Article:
for doing well on the study. And no punishment for doing poorly. They were simply seated with the other participants at a table. So, keep in mind that there was no actual pressure to conform, only perceived pressure. So why would that
participants of the study go against their better judgement and conform with the group? When they were interviewed
following the experiment, when they were asked
why they had conformed, most participants noted that the answers that they had given were incorrect. But they went along with
them because they feared being ridiculed by the group. And we would refer to this as
Normative Social Influence. Which is altering our behaviors so that we better fit
in with those around us. So they saw what the correct answer was, they knew that it was the correct answer, but they went against it regardless. Other individuals noted
that they conformed because they doubted their own responses. They reasoned that if all
of the other participants at the table were giving a certain answer, then that one must be the correct one. And we refer to this as
Informational Social Influence. And this is when we change our behavior because we assume that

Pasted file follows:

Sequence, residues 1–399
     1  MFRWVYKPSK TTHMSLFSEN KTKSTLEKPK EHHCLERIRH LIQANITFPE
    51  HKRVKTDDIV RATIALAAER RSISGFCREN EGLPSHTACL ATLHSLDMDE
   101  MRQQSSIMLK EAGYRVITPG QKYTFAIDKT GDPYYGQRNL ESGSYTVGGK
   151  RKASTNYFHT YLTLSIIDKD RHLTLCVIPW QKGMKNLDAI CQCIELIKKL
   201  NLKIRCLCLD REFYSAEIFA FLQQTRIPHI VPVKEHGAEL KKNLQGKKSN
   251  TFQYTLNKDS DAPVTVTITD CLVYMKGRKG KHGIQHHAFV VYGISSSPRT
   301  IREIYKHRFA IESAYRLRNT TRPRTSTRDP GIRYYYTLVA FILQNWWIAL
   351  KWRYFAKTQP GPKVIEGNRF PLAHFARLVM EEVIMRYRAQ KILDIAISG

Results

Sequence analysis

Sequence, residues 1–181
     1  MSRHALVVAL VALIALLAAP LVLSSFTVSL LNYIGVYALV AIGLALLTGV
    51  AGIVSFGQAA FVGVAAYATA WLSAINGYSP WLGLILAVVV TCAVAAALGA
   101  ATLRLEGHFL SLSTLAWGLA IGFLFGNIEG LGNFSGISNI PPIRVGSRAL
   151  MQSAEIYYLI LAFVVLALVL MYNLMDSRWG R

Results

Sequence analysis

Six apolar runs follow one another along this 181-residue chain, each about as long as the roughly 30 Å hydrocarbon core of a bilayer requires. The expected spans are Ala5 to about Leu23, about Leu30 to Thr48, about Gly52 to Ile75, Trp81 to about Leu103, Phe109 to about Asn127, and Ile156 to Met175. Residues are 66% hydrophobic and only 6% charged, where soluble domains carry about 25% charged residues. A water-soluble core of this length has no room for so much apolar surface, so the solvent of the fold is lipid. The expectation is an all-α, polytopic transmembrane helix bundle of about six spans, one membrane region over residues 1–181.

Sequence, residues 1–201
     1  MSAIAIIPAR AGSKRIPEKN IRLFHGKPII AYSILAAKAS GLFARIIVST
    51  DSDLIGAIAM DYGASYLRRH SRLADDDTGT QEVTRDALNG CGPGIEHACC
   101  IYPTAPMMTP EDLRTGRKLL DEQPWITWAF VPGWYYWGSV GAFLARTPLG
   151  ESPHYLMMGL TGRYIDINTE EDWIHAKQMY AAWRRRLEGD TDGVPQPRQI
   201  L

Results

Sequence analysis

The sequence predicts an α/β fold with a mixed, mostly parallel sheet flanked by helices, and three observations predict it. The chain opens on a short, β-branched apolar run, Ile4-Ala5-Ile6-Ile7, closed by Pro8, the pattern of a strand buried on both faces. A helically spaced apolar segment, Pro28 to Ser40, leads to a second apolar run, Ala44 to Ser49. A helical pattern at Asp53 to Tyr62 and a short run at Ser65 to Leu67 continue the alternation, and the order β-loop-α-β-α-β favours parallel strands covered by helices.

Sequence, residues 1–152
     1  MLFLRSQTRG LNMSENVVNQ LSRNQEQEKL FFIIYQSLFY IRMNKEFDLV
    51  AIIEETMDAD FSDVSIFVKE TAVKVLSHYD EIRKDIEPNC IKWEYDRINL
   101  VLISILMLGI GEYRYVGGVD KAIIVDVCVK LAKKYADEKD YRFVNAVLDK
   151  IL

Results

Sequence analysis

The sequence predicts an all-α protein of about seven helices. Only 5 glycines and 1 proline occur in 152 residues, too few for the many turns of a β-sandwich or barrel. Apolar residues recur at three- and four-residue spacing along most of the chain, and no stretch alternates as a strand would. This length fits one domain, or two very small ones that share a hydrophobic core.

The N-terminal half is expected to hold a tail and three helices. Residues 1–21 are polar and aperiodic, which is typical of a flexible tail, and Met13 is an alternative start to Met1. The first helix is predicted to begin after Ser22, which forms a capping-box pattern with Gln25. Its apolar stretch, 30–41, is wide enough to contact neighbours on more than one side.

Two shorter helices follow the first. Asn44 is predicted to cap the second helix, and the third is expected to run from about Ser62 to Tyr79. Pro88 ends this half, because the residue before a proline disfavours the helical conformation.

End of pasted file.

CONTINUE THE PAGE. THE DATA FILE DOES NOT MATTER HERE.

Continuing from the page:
others are better informed. That they know more about
what’s going on than we do. So they saw what they thought
was the correct answer, but then after hearing the
responses of the group, they changed their minds. And as a result, they gave the same answer
that the group gave. So they saw the correct response, they decided that they
themselves were wrong, and so they deferred to
the group’s judgement. But for some participants in the study, the errors that they made seemed to be at the perceptual level. They really, truly
believed that the answers given by the majority were correct. So, unlike those who deferred
to Normative Social Influence or Informational Social Influence, these individuals were
never consciously aware that there was any dissonance
involved with the judgements. So they really thought that the group gave the correct answer. And they decided that
that was the correct one. And so they gave that answer as well. But what about those who did not conform? What were their reasons? When they were interviewed afterwards, some of them were really confident. They were really sure
that their perceptions and their judgements were correct. Others weren’t so confident. Meaning that there were some participants who felt a lot of doubt and unease. But even so, they stuck